Written by Léonard Mouny, State Secretariat for Education, Research and Innovation
On 1 July 2015, the association Opendata.ch held its annual conference in Bern. On this occasion the major actors from the Swiss and international open data scene were present. The conference lasted a whole day and was divided into three parts; it started with keynotes on different aspects of Open Data, followed by workshops dedicated to specific themes and was concluded by a panel debate about the strengths, weaknesses, opportunities and threats of the Swiss legal framework for Open Data. In this article, the essence of this conference will be summarised.
During the morning session, 8 speakers, from very different fields, gave the audience an overview of the many facets of Open Data and its application to tackle societal challenges. The finance director of the canton of Bern, State Councillor Beatrice Simon-Jungi, opened the conference by spelling out that the three basic principles for Open Government, i.e. transparency, innovation and efficiency, were crucial for the improvement of State affairs. As a proof of goodwill from the canton of Bern, she gave the example of the project developed in partnership with Opendata.ch. This project aims at painting an interactive picture of the canton’s budget. She closed her intervention by stating that the Federal strategy for open government data should be implemented, but that a legal basis was still lacking. This brought out the main issue with Open Data today: even though the authorities might be interested in open data, there is still some reluctance in fully implementing the necessary framework.
The second speaker, Prof. Dr. Peter Messerli, director of the Centre for Development and Environment of Bern University, demonstrated how Open Data could be used for sustainable development. Indeed, he showed how data was used to determine the ecological impact of socio-economic development in Laos. He also explained that thanks to data, they could find out where investment from development Bank had a negative or positive impact. Prof. Messerli concluded his keynote by saying that data should be available, accessible and adequate and that for the data to meet these three requirements, it had to be Open Data.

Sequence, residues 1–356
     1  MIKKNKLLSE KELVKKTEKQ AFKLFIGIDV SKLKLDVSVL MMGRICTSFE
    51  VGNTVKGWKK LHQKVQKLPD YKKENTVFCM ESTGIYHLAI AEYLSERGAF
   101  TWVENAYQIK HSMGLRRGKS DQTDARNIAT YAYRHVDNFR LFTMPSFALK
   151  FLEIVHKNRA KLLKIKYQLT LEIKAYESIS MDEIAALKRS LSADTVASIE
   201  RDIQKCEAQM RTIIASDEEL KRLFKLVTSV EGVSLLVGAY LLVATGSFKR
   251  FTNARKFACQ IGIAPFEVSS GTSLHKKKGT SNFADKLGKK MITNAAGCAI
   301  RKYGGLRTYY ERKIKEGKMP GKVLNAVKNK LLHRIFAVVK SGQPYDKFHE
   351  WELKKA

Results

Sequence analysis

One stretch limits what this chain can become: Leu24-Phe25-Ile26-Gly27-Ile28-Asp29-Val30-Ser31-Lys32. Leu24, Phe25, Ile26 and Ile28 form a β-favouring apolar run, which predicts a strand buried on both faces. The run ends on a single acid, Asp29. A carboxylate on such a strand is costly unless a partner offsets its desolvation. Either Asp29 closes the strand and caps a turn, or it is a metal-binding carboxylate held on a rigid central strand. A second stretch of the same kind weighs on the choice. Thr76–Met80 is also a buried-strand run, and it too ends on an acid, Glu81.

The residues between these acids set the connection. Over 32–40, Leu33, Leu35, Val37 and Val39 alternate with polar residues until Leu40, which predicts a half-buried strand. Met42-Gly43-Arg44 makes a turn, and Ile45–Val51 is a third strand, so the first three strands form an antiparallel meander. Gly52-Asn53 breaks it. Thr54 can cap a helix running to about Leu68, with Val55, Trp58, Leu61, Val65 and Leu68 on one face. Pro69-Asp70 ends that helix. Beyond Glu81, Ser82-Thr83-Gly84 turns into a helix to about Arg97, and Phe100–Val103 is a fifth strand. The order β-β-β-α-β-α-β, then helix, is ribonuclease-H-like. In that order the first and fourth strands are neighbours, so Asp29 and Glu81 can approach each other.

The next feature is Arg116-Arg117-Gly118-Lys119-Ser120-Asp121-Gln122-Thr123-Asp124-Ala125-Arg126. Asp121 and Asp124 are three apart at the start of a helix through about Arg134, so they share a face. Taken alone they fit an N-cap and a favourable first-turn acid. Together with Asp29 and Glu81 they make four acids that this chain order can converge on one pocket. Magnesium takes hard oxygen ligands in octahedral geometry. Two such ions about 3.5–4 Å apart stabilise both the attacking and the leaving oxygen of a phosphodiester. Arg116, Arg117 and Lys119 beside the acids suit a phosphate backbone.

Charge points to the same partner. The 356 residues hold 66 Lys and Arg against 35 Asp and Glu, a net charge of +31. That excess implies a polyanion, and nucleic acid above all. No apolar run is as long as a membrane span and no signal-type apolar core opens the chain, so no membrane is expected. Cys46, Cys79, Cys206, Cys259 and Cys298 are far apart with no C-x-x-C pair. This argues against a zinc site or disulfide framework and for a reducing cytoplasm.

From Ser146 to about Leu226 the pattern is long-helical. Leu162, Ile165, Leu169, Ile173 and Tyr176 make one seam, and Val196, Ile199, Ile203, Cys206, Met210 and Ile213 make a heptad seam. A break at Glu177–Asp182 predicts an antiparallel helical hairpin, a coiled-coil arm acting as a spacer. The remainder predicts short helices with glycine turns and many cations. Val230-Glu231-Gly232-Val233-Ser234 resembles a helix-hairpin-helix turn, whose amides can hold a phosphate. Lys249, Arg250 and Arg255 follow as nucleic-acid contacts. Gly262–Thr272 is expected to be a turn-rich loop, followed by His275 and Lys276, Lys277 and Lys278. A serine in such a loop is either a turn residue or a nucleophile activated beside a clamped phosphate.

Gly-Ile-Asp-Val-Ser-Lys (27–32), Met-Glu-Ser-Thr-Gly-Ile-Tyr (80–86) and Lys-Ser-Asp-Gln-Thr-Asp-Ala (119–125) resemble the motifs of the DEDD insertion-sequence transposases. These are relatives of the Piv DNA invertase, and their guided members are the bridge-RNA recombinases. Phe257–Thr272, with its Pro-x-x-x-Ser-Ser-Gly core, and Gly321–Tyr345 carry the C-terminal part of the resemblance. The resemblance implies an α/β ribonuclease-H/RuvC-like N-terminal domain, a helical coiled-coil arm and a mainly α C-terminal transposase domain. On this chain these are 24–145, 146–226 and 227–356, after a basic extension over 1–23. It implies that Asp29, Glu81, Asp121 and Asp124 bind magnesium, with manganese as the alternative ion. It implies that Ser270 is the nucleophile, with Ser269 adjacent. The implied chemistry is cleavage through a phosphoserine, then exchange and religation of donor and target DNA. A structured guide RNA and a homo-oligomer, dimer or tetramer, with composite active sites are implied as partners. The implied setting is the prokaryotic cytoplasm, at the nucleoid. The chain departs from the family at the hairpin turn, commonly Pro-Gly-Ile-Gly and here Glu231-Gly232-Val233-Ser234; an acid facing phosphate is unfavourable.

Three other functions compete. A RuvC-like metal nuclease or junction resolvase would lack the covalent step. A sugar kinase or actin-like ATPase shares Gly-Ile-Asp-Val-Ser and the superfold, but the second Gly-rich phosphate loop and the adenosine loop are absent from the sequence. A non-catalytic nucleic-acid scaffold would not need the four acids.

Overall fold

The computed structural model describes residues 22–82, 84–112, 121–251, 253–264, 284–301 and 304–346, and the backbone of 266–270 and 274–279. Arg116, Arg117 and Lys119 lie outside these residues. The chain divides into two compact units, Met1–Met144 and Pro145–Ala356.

The rest of the keynotes tackled other topics of Open Data and gave examples of success-stories. The different speakers described how data analysis was now recognised as a genuine research subject, how it can be the basis for new business models, how Open Data could be used as a political instrument and how the future of Wiki is Data. Finally, a new product was presented: MyData. This new application runs through all the data you create throughout your daily activities in the different application on your smartphone and gathers them to exploit their full potential.
To summarise this first part of the conference, the range of actors involved in the development of Open Data goes from political authorities, through civil servants, to CEOs. This proves that the Open Data is a movement that goes beyond single actors and in order to exploit Open Data at its full potential, there is a need for all these players to work in synergy.
Throughout the afternoon, nine workshops took place. The topics discussed went from political subjects like the stand of Switzerland in the Open Data world to very hands-on themes like the offer and demand for data format on the Open Government Portal.